The Luminaries is interested in the way in which the sense of self which novels impose upon us, that bourgeois conception of the individual as an independent agent making choices which forge destinies in the way of Lahiri’s brothers, might not capture the way in which the world really works. Anna is in love with Emery Staines, the richest prospector in Hokitika, a young man who disappeared on the same night Crosbie Wells died and on which Anna herself collapsed in the street; they were born, she finds, on the same day at the same time of the same year, and this seems to give them an uncanny connection, in which one feels the emotions of the other, or can forge their signature without discernible discrepancy. In this context, Staines’s individuality is not important – indeed, the way he intersects with other people and events is the real root of his character, and self-presentation or -perception merely a gloss. “Emery Staines knew very well that he created a singular impression in the minds of all those whom he met. This knowledge had become, over time, an expectation, as a consequence of which, his singularity had become even more pronounced.” [pg. 732] That is, the self is simply self-fulfilling prophecy.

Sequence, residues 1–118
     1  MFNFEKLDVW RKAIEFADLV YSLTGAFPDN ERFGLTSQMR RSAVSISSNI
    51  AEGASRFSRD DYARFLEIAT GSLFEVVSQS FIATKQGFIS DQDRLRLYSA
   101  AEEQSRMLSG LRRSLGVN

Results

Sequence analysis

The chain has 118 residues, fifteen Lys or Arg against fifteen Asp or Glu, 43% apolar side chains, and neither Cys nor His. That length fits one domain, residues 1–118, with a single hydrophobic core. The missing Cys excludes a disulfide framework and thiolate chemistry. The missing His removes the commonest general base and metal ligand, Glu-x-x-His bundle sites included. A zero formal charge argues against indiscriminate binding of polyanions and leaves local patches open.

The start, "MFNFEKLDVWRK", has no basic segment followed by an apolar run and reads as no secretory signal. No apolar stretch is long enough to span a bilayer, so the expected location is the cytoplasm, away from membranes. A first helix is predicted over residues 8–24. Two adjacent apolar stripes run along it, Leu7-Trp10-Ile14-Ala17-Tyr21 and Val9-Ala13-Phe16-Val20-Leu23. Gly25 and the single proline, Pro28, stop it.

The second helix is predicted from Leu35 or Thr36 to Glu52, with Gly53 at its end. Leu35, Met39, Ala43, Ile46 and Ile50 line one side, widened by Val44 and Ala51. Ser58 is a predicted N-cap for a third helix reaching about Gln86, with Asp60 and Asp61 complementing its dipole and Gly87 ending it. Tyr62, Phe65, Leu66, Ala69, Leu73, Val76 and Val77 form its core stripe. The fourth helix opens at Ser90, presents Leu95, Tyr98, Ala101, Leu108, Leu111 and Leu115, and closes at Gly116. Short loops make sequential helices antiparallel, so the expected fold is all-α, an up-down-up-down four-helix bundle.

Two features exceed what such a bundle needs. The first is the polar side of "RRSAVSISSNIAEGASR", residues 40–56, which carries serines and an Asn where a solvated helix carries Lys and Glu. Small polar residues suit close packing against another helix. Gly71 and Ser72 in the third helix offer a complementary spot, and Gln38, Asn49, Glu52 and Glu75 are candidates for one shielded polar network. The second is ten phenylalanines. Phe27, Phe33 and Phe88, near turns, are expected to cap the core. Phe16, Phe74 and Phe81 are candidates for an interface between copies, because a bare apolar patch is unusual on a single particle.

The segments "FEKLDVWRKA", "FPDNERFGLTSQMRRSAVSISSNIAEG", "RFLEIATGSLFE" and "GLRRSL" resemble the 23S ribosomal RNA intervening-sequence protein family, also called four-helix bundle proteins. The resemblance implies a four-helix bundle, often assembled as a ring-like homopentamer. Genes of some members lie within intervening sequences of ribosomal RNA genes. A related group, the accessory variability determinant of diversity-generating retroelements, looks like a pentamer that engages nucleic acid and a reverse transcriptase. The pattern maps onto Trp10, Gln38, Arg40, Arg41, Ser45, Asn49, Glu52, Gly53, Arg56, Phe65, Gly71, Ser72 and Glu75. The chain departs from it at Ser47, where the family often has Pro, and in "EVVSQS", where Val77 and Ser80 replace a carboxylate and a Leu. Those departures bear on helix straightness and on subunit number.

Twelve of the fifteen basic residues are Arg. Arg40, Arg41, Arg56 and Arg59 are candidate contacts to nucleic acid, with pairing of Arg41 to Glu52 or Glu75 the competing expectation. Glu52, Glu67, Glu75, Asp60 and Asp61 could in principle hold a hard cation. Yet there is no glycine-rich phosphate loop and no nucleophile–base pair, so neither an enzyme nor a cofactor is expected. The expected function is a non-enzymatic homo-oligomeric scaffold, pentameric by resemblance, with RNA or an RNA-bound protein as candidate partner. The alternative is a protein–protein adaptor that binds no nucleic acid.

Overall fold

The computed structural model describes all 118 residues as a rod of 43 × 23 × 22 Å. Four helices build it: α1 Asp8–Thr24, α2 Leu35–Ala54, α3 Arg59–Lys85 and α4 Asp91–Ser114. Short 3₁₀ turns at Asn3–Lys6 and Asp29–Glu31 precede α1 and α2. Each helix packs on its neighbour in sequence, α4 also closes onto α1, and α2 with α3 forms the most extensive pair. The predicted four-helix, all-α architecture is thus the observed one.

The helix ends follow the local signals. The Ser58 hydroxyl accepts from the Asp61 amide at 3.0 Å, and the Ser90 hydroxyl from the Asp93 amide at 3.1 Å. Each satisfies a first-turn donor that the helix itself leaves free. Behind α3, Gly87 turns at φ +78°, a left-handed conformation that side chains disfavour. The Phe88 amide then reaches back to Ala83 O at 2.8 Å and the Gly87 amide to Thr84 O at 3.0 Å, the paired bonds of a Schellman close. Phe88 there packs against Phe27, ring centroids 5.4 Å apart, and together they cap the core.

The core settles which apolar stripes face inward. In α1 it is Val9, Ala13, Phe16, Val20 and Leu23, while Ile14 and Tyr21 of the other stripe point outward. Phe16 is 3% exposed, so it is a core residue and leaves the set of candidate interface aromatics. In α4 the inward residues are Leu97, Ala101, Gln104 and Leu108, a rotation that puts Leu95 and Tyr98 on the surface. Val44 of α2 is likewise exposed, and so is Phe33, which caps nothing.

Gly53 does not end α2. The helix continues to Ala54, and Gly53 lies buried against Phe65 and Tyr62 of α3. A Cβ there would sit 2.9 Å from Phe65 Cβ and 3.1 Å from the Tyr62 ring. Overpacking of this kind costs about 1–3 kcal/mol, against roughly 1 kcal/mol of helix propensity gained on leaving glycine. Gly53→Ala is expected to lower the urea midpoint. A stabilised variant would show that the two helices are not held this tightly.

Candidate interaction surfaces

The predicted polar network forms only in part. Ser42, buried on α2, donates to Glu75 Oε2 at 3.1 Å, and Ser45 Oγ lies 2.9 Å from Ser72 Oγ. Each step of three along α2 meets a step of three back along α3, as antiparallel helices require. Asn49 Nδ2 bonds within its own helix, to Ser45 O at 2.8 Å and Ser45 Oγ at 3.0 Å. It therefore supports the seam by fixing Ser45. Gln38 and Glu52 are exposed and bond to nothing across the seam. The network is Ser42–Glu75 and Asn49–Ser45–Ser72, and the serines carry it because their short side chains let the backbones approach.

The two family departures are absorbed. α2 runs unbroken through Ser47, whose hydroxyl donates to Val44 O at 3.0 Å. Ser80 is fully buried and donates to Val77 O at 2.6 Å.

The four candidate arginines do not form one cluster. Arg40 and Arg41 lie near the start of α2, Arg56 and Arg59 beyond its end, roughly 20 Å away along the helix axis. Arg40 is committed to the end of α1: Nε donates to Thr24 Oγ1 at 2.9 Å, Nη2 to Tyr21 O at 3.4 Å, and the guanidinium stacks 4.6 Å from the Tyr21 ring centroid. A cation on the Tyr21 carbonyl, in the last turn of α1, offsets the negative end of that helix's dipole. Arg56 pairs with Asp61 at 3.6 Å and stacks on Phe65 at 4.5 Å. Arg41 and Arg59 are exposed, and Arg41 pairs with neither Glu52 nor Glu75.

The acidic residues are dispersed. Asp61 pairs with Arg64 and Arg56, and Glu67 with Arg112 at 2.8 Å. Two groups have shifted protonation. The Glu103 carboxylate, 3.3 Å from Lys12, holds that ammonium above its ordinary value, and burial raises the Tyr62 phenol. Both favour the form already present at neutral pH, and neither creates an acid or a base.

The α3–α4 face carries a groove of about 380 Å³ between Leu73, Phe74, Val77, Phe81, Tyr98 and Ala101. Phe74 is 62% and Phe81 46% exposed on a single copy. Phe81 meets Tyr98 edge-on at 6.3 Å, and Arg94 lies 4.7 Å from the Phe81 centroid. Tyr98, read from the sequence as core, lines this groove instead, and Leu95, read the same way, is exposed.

Whether this radicalism is contained in a package effectively executed is a slightly different question; Catton is attempting to interrogate the novel using a novel, and this perhaps inevitably leads to a bagginess, at times even an awkwardness: all that detail, all those words, can come to feel recursive. There’s an extent to which Catton’s concept – perhaps fittingly – overtakes her material, and The Luminaries can feel stretched as a result. Indeed, I wonder if, at the other end of this shortlist’s spectrum, Colm Tóibín’s The Testament of Mary isn’t both just as radical and significantly more disciplined and artful. If The Luminaries is certainly extremely clever, the Tóibín might also be articulate. One of these two should certainly win the prize (I’d probably plump for The Testament of Mary myself), but I wonder if Jim Crace’s reputedly final novel, the elegiac-if-inexact Harvest, might not be awarded the Jacobson-Barnes Award for Life-Time Achievement. The stars will reveal their alignment on Tuesday.